This project proved to be one of the most successful I have worked on. The materials, colors, and textures work together to present a visual and tactile experience that is most satisfying. And while the result is broadly reminiscent of various medieval artworks, it is not even close to being a copy of any particular historic piece. In fact, it looks quite fresh and new, perhaps even peculiarly American, in its clarity of composition and straightforward presentation of natural materials. I hope this project offers some inspiration to others who seek renewal in traditional liturgical art.

Andrew Gould’s design and liturgical artworks can be seen on his websites: http://www.newworldbyzantine.com/ and http://www.nwbstudios.com/



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  1. lesia Maruschak on May 26, 2017 at 9:12 am

    Beautiful. May continue to be blessed and serve.

  2. Peter on May 26, 2017 at 10:35 am

    A beautiful work; since this is to be used liturgically, I presume the rule that no leather be placed upon the altar table is being piously sidestepped in a nod to historical precedence, eh?

    • Andrew Gould on May 26, 2017 at 11:16 am

      Hi Peter,

      The supposed ‘rule’ that no animal products be used at the altar is something I often hear about, but it has always baffled me. In the middle ages, books were not only bound in leather – they were completely made of leather (vellum pages). And icons, which are placed on the altar to be blessed, are made with rabbit-skin glue in the gesso and eggs in the paint. And the altar itself, if made of wood, would, historically, have been glued together with hide glue from horses or other animals. And how about all the old Athonite liturgical implements we see in museums that are inlaid in ivory, mother of pearl, or tortoiseshell?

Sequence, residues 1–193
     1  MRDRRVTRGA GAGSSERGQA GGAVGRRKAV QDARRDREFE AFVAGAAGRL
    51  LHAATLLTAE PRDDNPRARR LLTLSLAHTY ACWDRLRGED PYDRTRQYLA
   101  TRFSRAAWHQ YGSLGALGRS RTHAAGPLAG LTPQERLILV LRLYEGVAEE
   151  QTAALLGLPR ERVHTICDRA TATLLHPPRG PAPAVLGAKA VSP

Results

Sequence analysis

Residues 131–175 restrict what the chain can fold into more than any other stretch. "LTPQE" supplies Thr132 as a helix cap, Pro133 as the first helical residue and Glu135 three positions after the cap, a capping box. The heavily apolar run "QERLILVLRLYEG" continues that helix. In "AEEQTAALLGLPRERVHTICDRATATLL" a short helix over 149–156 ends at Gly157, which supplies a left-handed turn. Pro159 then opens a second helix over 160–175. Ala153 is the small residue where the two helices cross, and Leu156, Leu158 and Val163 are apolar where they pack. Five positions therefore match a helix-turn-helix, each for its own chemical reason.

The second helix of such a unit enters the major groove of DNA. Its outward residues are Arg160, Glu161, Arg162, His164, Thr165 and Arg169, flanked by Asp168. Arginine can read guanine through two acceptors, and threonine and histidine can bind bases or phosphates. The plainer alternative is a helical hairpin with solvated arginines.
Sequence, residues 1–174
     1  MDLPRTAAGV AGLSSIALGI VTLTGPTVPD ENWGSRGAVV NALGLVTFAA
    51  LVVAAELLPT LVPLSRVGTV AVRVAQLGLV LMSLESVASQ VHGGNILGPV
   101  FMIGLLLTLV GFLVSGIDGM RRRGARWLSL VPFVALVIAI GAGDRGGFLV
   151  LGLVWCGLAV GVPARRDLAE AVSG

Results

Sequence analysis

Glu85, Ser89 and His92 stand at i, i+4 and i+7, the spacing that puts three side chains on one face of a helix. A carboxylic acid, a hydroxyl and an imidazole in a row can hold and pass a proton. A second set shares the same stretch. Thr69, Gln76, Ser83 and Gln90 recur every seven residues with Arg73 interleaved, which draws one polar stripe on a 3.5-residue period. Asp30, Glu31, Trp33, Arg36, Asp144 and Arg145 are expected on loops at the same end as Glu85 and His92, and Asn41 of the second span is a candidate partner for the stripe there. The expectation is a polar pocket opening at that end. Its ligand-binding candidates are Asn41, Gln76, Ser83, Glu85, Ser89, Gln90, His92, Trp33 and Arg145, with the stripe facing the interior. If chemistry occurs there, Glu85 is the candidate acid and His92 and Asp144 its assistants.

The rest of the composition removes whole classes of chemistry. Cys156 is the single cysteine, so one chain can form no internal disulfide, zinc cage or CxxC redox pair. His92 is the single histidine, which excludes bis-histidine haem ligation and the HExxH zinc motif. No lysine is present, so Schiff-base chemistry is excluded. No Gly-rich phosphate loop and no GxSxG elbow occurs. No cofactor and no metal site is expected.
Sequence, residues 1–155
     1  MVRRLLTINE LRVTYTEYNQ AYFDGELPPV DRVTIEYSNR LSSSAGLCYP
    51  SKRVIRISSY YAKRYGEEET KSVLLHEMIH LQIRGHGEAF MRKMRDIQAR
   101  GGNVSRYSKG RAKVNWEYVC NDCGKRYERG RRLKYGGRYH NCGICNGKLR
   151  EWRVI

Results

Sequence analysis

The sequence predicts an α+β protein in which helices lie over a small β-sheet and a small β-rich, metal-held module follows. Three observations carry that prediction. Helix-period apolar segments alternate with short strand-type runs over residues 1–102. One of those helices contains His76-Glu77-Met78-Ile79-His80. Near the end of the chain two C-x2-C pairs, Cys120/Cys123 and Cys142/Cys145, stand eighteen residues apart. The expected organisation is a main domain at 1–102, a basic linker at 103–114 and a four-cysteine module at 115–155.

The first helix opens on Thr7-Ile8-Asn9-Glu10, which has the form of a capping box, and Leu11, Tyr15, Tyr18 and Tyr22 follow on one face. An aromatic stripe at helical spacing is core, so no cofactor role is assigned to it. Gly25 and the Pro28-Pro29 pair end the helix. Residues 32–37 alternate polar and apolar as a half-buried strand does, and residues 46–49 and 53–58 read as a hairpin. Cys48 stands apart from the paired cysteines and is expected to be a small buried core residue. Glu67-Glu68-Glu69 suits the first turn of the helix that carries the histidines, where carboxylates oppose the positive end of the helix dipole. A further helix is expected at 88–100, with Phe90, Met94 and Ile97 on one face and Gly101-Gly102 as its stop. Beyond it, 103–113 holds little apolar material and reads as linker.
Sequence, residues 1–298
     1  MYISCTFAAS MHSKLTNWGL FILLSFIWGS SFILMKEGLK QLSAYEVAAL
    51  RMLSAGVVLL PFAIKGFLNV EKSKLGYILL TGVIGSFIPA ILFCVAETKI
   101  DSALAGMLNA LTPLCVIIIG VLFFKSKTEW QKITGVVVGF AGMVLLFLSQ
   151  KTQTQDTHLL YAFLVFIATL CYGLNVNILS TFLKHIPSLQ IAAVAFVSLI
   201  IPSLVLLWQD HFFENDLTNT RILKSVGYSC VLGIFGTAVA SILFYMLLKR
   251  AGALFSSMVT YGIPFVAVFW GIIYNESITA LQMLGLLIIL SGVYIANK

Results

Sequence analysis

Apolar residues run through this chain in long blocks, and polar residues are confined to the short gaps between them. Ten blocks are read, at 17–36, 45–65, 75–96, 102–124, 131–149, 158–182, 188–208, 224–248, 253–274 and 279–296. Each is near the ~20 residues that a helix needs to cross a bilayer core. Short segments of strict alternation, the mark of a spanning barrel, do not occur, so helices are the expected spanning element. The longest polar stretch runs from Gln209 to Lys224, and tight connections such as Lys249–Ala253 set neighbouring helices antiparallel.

So on what grounds can anyone argue that there ever was such a rule? If there is such a cannon written somewhere, it seems that church tradition did not receive and accept it.

      • Fr. Justin on May 26, 2017 at 11:47 am


    • Pdn. Sergius R.B. Miller on May 26, 2017 at 3:23 pm

      There is NO such rule about leather. Remember that for many centuries the pages were parchment (calf, lamb, or pig skin) and the glue was made from rabbit skin. I have no idea who started this nonsense about leather.

      Protodeacon Sergius Miller
      St. Matthew’s Orthodox Church
      Columbia, Maryland

  3. LTB on May 26, 2017 at 1:29 pm

    This is simply beautiful. Acts of devotion. The carving is exquisite, Jonathan. I may be the odd one out, but I wouldn’t mind some color on the carving of your next collaboration :-).

  4. Anne Ryan on May 26, 2017 at 1:31 pm

    This is so beautiful. I feel very privileged to be able to see this.

  5. David Maliniak on May 26, 2017 at 3:00 pm

    That is just stunning! Congratulations!

    If I may ask, what does the finished product weigh? And what are its dimensions?

    Dn. David

    • Andrew Gould on May 26, 2017 at 3:09 pm

      The dimensions are 9″x11-3/8″. It is not heavy. The wood covers are pretty lightweight and the metal adds hardly any weight at all.

  6. M. A. on May 26, 2017 at 3:05 pm

    Beautiful! Would you by any chance have the reference for the original publication?

    • Andrew Gould on May 26, 2017 at 3:10 pm

      It uses the gospel published by the Antiochian Archdiocese.

      • M. A. on May 26, 2017 at 4:10 pm

        Thank you very much. Again, this is beautiful work!

  7. Jeffrey Dutton on May 27, 2017 at 6:57 am

    Superb. Congratulations. Inspirational.

  8. Anneke Ekkel on May 29, 2017 at 9:27 am

    This is so beautiful, absolutely wonderful in all aspects! I sing for joy when I see something as special as this!
    Thank you for your inspiration!

  9. Fr. Stephen on May 31, 2017 at 8:02 pm

    Stunning. I would like to discuss the possibility to acquire a gospel book such as this one.

  10. Bill on June 11, 2017 at 2:23 pm

    I attend Holy Trinity and this is absolutely beautiful, the time and patients that went into making this is inspirational
    Thank you

  11. Lucine on June 15, 2017 at 9:36 am

    Thank you, Andrew Gould, for this spectacular work and for showing us the elaborate production process. Truly magnificent.

    Should anyone wish to see additional works of such beauty, please see: